THis is that time of the year when everyone is escaping to cooler climes for a holiday. Since in most cases, a holiday would involve a stay at a hotel, I thought it is appropriate to write about some interesting orders of courts, upholding the rights of consumers vis-a-vis hotels. One of the early cases that comes to my mind is a case of theft in a hotel, and the hotel management's attempts to escape liability for it.
In the year 1996, Robert F Tauro visited Delhi for two days, and stayed with his family at Ashok Yatri Niwas. During this time, when the family had gone out, someone broke open the lock of his briefcase kept in the room, and stole Rs 4,700 from it. In most such cases, since the guests at the hotel are all travellers, cases are not pursued, and that is how hotels escape liability.
In this case, however, a consumer group, Delhi Grahak Panchayat, took up the complaint before the Delhi consumer disputes redressal forum VI. The hotel's defence before the court was that Rule 7 of its house rules clearly said that "the hotel management does not hold itself responsible for loss of goods, property or the belongings of the guests/visitors. To assist the guests in safeguarding their valuables, safe deposit lockers can be made available by the cashier free of charge, subject to availability on security deposit of Rs 100, which is refundable". A copy of the house rules and the resident card clarifying this was provided in every room of the hotel. The hotel was, therefore, not bound to take any responsibility for the loss of goods or cash, as in this case.
Dismissing this argument, the consumer forum held the hotel management guilty of negligent service, and directed it to refund the amount lost by the guest, along with Rs 5,000 as compensation and Rs 1,000 as costs.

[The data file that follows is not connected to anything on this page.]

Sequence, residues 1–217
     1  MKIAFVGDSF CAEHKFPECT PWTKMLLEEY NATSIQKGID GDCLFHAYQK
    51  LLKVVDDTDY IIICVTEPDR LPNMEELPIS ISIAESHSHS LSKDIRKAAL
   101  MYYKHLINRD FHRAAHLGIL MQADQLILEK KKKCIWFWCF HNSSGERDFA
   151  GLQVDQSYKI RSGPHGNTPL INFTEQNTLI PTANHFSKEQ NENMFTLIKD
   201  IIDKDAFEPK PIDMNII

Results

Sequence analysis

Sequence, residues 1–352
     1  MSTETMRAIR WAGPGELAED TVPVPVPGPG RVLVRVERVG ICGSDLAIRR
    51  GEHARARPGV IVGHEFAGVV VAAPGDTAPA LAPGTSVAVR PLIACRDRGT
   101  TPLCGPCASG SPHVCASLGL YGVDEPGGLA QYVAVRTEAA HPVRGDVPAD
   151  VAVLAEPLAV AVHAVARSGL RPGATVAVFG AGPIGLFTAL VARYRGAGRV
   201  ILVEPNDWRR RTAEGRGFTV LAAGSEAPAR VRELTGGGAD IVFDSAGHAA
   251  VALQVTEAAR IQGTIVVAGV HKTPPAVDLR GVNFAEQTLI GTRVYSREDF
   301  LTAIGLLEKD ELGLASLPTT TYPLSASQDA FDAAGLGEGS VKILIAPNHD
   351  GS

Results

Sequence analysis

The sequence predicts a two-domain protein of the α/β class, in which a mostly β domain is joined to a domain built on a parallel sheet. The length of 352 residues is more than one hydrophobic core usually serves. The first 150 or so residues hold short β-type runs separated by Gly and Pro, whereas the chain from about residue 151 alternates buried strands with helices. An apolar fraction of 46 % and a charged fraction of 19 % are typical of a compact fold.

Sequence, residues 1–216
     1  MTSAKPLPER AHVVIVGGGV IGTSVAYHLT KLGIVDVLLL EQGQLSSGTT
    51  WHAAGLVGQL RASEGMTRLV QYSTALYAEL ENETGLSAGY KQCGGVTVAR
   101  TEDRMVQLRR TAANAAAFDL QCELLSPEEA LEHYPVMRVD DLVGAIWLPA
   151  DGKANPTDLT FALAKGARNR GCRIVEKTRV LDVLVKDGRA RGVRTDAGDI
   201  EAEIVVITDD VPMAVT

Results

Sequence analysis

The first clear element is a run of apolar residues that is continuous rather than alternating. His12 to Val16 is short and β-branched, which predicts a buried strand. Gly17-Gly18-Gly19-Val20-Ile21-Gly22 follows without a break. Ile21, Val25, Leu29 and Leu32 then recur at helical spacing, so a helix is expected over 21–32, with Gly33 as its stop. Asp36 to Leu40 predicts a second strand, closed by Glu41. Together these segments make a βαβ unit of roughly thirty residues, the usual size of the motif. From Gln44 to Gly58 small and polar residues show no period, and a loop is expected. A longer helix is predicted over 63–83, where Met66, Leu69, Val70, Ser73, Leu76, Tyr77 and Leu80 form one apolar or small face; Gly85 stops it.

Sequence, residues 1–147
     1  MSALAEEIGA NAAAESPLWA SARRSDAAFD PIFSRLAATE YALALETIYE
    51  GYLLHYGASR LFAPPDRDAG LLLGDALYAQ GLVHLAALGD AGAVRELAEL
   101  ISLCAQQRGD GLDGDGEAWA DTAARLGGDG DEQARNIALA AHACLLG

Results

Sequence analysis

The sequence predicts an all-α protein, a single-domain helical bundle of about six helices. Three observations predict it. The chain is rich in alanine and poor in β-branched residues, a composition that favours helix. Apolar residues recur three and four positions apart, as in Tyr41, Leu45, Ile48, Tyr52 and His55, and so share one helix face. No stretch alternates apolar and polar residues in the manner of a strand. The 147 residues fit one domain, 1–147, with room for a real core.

In the case of B.N. Nagi Reddy vs Residency Hotel, the complainant's granddaughter was getting married, and he had booked six suites and 14 double rooms for three days at the hotel for the bridegroom's party to stay. However, when the guests arrived, the hotel could make available only two suites, forcing the complainant to make alternate arrangements at another costlier hotel.
The Tamil Nadu state consumer disputes redressal commission directed the hotel to refund Rs 22,000 paid as advance towards the booking of rooms, besides Rs 28,000, which was the additional expense incurred by the complainant on account of seeking alternate accommodation. It also awarded the complainant Rs 50,000 for mental agony, anguish and humiliation caused on account of the hotel's negligence.
Consumer court orders have also laid stress on the need for hotels to ensure the safety of their guests. In the case of Manisha Chhabra vs the Director, Tamil Nadu Tourism Development Corporation, decided in 2003, the national commission came down heavily on the hotel for its negligence, resulting in the death of a guest. Manisha and her husband had checked into the hotel on December 19, 1993, at about 8.30 pm. Soon after, her husband noticed a small door on the western side that was just latched. Assuming it to be a storage space or balcony, he opened it and stepped outside, only to fall on to the ground 35 feet below.
Noting that the hotel should have taken every precaution to prevent such an accident, the commission directed it to pay the widow Rs 5 lakh, along with 10 per cent interest calculated for 10 years.
Before I conclude, here are a few tips for choosing and booking your hotel, particularly if you are doing it online. First and foremost, before you make your reservation, look at some independent reviews from customers about the hotels that you have chosen. This will help you make an informed choice. Similarly, when you check the room rates, find out the applicable tax rate, and whether the rate quoted includes taxes.
It is equally important
to check the cancellation policy of the hotel. If for some unforeseen
circumstances, you are forced to postpone or cancel your booking, do
you get a refund? Of course, if the quality of service provided by the
hotel turns out to be deficient, or if the quality is not what is
claimed, you can always knock at the doors of the courts for relief.